Departments may also operate among an open, station, and/or unit broadcasting system. An open broadcast is sent to everyone (all stations and firefighters) regardless of who is responsible for responding to an incident. It is easy to hypothesize that this system would be the worst for firefighter sleep since everyone would wake regardless of the call’s relevancy. The second type (most common) is station broadcast. This system only alerts the station that houses the unit/company responsible for responding to an incident. The benefit of this type of broadcast is that it limits unnecessary interruptions among those not responsible for responding. However, the system would still be distracting if a station housed two separate units. Therefore, the third system is a company/unit type of broadcast. This system would only notify individual firefighters who are responsible for responding. This system would be implemented in individuals sleep quarters and may allow firefighters to program which unit they operate on that particular day. During the day the broadcast could be switched to station wide, since firefighters are less likely to be in their rooms.

Bedding Material

Career firefighters spend one-third of their nights at the fire department. Sleeping on poor quality, old, or worn bedding can be uncomfortable and reduce sleep quality. Departments should review policy on the type and quality of bedding they supply, if/when bedding is rotated, and when bedding is replaced.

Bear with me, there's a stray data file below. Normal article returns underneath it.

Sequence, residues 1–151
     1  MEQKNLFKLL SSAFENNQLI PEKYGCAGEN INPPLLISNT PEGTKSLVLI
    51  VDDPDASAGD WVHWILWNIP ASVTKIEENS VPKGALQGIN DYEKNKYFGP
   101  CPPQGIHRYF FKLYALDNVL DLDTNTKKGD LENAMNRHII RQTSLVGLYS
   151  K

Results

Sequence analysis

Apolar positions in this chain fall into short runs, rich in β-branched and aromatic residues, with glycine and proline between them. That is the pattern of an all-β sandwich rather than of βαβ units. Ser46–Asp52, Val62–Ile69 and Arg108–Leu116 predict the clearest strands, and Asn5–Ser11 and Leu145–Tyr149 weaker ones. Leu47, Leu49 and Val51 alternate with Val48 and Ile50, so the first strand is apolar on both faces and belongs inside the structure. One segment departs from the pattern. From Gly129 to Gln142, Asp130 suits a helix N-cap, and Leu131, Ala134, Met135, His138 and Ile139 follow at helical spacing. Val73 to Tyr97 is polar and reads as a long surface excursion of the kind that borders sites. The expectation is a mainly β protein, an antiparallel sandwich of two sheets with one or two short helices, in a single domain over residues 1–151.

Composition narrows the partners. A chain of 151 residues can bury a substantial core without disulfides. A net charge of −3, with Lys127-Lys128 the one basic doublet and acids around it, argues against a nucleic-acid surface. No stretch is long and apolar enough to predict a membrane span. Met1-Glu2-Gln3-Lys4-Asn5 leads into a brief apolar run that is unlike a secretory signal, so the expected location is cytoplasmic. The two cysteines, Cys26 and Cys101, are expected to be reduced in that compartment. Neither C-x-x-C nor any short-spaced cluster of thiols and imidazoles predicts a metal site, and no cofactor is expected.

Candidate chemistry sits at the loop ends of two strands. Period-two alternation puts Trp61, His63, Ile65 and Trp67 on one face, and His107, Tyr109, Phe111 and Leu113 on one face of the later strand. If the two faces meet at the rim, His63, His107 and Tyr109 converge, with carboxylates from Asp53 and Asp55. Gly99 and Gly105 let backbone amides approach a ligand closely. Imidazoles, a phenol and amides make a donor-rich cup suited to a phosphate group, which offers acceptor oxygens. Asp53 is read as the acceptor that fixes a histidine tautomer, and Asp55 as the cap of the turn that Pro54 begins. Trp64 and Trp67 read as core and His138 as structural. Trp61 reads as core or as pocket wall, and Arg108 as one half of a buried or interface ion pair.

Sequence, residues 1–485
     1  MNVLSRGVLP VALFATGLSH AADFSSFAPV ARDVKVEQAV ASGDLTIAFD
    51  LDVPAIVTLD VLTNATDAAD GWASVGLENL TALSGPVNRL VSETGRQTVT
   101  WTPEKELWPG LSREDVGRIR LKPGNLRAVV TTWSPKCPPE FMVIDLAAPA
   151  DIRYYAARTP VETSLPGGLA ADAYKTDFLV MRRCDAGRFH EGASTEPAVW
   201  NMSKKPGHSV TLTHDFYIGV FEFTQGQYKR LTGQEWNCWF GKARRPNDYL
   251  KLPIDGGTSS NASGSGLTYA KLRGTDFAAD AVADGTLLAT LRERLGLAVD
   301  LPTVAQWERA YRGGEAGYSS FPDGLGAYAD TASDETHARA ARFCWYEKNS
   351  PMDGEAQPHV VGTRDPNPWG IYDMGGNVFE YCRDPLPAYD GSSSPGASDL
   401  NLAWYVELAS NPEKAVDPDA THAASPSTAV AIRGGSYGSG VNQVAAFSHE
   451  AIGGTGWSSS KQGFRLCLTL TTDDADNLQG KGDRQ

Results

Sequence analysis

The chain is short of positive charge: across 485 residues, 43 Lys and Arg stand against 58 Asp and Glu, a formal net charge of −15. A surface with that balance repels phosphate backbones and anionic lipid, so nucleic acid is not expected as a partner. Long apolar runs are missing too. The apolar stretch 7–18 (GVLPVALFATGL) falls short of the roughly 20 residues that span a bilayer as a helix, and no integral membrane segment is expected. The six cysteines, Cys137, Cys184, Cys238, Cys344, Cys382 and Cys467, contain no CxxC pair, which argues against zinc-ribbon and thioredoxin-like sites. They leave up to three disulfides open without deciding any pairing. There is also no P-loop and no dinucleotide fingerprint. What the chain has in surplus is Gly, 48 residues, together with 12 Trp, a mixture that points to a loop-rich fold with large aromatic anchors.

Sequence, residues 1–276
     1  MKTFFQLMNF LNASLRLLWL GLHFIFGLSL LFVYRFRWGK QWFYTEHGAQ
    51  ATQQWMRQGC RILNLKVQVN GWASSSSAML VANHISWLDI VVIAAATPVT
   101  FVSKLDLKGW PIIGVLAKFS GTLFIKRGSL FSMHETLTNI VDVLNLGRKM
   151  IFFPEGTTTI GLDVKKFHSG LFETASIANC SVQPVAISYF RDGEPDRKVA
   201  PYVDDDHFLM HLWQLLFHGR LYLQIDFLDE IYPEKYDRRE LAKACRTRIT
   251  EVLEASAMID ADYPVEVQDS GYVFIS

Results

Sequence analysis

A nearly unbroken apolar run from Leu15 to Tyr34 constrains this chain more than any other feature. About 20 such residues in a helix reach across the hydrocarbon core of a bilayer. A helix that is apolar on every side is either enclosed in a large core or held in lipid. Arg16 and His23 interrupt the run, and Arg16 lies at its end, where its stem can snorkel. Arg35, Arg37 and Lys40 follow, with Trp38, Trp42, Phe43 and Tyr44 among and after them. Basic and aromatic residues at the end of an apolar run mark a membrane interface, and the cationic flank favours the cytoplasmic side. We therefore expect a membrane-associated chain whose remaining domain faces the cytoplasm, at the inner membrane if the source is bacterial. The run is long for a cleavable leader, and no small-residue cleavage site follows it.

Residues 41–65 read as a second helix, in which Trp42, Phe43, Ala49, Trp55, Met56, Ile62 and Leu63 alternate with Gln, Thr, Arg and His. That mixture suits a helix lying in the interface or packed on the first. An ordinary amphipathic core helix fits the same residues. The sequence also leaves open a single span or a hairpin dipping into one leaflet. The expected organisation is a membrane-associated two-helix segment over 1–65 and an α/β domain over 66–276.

Individual Treatments

Individual treatments consist of personal actions taken to better sleep quality and sleeping habits.
  • Limit stimulants before bedtime (e.g., caffeine)
    • Coffee
    • Energy Drinks
    • Energy shots
  • Use naps to your advantage. Only you know when your sleep need! Most likely, you are in need of sleep. An incident during the night (or heavy call volume during the day) may exacerbate this need of sleep and possibly reduce performance and alertness during the latter part of your shift.
  • Manage your second job appropriately and allow yourself the opportunity to rest and sleep before arriving to work.
  • Limit noise and light during the night if your station has open or semi-open sleeping quarters. Watching a movie or using your phone decreases your opportunity to sleep and could be distracting to others attempting to sleep.
  • Listen to others if they think you may have a possible sleep disorder. Most people are initially informed by their partner of the possibility of sleep disorder. If you or others are worried, schedule an appointment with a medical provider for a screening.
Please not that some of the recommendation in the two-part treatment article are speculation based on my knowledge and research experience. Most recommendations, however, are supported with research findings and are appropriately cited. Please also note that the recommendation listed above are in terms of sleep and may not consider any trade-offs. For example, although individual rooms are beneficial for firefighter sleep, they may cost a significant amount of money.

  1. Joffe, Mark D. 2006. "Emergency Department Provider Fatigue and Shift Concerns," Clinical Pediatric Emergency Medicine 7(4):248-254. doi:
  2. MacNeal, James, et al. 2016. “Effect of Station-Specific Alerting and Ramp-up Tones on Firefighters’ Alarm Time Heart Rates,” Journal of Occupational and Environmental Hygiene 13(11)866-870. doi: